Clint: (08:17)
And something came from this that is so absolutely amazing and, and I can't even explain what a small world it is. This lady is actually, I'm going to say it's her, his, it's her brother in law is actually my second and third grade teacher who was my absolute favorite teacher through all my years in school. And I had a really close relationship with him and my mom was the homeroom mom for those classes. She was close with him and it was just like what a small world this is for this to happen. And she actually called him after the fact and gave me his number and I still need to call him, but just to reconnect and go to lunch or something. And it's just amazing to see what has transpired over the years since I was in second and third grade to where I am now. And to be able to share that with someone who really mentored me and really was big in who I am as a care, as in my character as an adult.

Ashlie: (09:39)
It's my true belief that nothing like that happens by chance and I believe that is a little bit of the universe just showcasing a gift to you because you were open to receiving it and a lot of us turn the cheek. It's easy for us to shine on the complaints, but you don't have the ability to do that. It is literally in your job analysis to help solve people's problems and deal with them. You call them, call after call, but in essence it's complaint after complaint

Ashlie: (10:19)
and it's the way that you decide to articulate, to reframe your mind in a way to where you're going to decide how you want to approach it and more importantly, what your cognitive response is going to be to the whole nature of the situation and also to the outlook on what really impacts your entire career. If you're constantly going to calls dreading the way that you're going to feel when you encounter maybe the same people complaining constantly, then you're going to dread your job. But to be able to reframe your mind and to look at it in a way to where you know that you're doing a service to somebody who really needs it, I don't believe that she would be calling so frequently with any sort of concerns had they had no, no genuine basis behind them, and of course there are guidelines and discipline and things like that in place. If you do have somebody abusing the system and no doubt there are those people. Luckily this isn't one of those situations, but having the ability to showcase what you can do for other people builds this trust and in stating that there are community members that voice their opinions much louder than others. Clinton, I talked about how a lot of times it's so easy for members of the community or members of society as a whole to complain. It's very easy for them to speak when things don't go their way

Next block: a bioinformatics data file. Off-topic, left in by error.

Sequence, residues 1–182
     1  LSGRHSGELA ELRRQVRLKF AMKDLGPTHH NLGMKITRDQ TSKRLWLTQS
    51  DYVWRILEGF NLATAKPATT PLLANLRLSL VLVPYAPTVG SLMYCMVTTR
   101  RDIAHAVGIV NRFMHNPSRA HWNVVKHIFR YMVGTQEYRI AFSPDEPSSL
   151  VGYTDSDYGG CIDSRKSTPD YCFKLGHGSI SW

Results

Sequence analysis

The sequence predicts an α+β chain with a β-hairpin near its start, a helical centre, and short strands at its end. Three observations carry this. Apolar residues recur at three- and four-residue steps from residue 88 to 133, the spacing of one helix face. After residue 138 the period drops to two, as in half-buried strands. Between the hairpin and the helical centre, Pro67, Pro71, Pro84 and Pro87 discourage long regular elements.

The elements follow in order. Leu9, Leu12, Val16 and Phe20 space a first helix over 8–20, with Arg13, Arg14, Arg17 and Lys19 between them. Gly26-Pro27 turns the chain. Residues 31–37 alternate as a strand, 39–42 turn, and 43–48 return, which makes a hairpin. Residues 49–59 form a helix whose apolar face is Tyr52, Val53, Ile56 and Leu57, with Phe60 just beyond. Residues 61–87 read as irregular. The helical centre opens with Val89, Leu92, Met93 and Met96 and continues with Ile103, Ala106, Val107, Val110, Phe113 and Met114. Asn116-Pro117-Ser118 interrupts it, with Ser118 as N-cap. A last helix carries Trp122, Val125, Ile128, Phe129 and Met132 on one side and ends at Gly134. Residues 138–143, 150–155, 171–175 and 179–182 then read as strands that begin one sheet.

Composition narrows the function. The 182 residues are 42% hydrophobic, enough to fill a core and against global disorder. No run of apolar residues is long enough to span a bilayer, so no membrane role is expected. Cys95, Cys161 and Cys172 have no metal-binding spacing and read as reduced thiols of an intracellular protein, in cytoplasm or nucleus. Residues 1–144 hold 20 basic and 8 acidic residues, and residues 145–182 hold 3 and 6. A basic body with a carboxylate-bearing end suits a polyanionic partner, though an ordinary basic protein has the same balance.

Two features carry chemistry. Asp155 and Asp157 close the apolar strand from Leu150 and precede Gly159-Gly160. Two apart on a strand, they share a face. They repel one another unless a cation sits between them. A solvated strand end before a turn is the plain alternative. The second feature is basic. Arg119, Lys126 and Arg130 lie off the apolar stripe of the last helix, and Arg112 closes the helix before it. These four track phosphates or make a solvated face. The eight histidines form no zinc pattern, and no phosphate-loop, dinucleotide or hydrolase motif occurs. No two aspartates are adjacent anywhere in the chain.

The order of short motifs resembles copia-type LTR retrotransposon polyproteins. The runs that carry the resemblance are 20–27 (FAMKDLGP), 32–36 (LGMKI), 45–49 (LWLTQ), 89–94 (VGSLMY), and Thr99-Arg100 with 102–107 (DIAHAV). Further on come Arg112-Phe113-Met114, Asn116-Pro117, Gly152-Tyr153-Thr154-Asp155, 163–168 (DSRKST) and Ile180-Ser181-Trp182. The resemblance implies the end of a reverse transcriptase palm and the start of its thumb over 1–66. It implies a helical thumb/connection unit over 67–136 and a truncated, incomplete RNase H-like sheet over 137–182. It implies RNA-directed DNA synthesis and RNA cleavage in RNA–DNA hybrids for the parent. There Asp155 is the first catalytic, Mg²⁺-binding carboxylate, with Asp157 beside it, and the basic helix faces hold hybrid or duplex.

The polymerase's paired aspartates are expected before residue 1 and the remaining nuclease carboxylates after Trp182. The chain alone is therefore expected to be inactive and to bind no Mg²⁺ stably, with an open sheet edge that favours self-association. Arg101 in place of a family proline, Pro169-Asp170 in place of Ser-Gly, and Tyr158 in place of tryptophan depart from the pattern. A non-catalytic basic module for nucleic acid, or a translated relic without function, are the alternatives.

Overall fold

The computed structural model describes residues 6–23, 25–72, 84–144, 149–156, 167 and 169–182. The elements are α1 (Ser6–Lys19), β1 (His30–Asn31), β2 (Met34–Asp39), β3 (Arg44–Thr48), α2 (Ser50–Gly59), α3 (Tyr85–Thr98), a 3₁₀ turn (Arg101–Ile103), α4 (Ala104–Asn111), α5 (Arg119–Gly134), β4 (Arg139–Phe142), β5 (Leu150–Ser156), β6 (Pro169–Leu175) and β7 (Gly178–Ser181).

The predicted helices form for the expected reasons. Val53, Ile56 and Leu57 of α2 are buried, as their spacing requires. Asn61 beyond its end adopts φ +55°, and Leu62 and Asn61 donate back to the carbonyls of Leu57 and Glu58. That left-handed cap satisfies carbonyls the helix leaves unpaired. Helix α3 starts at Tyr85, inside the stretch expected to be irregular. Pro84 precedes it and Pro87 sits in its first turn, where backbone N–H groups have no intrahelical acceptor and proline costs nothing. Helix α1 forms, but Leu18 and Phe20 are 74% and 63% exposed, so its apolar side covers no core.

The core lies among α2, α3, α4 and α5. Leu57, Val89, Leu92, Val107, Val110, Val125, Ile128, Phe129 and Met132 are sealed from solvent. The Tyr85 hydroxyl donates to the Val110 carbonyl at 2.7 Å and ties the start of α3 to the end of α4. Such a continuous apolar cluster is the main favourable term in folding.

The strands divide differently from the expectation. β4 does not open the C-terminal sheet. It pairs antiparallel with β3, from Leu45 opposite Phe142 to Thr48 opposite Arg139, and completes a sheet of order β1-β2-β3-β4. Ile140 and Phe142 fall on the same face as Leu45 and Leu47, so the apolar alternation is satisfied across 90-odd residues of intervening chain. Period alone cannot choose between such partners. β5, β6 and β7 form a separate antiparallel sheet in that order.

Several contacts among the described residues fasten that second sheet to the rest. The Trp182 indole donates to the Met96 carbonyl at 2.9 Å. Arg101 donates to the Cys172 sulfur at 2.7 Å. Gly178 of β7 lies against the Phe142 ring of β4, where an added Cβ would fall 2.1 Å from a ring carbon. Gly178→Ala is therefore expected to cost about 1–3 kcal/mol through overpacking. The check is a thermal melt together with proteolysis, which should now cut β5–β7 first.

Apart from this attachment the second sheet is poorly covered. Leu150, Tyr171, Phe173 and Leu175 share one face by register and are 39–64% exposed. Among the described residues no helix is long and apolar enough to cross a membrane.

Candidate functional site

Ashlie: (11:56)
But I paid witness to many times when she and many other members of the community that you've worked with personally have spoken up on the positive nature of what you do for them and how it impacts their lives. And I want to say that again, it impacts their lives to make a difference in someone's Day can ultimately lead to a difference in their own train of thought, a difference in the way that they perceive you and a difference of the way that they perceive your profession.

Ashlie: (12:34)
I would imagine that if you didn't follow through on the things that you told her you were going to say are going to do or any other member of the community that you responded to and simply said, I'm going to look into it. If you didn't do the things that you promised, those people are going to turn against you. They're going to have bad things to say about your moral character, your work ethic, what your duties are, the things that you're capable of. But instead you get to experience the other side of the spectrum and it's pleasant. It makes your day a little bit easier. Having people like that to further build on the community that you serve as the whole reason why you're doing this in the first place.

Ashlie: (13:22)
And as you sit there and your own profession in your own day with any interactions that you're having with people that you maybe aren't comfortable with facing or that you've never even encountered before. How could you shift your train of thought anytime that it gets uncomfortable? Anytime that you're being asked to face something that you don't want to do necessarily.

Ashlie: (13:49)
Could you be of service to them? Could you do something a little extra? Could you show them a piece of who you really are and not just who the badge says you are or the uniform says you are? And I believe that by showcasing the truths about who you really are and what your abilities are and the way that your morals and your ethics and your own code of conduct plays into your day to day is really what it's all about. And when you can practice that and you really embody who you are and you mesh it in with what you do for a living, then you're really able to enjoy your Tactical Living.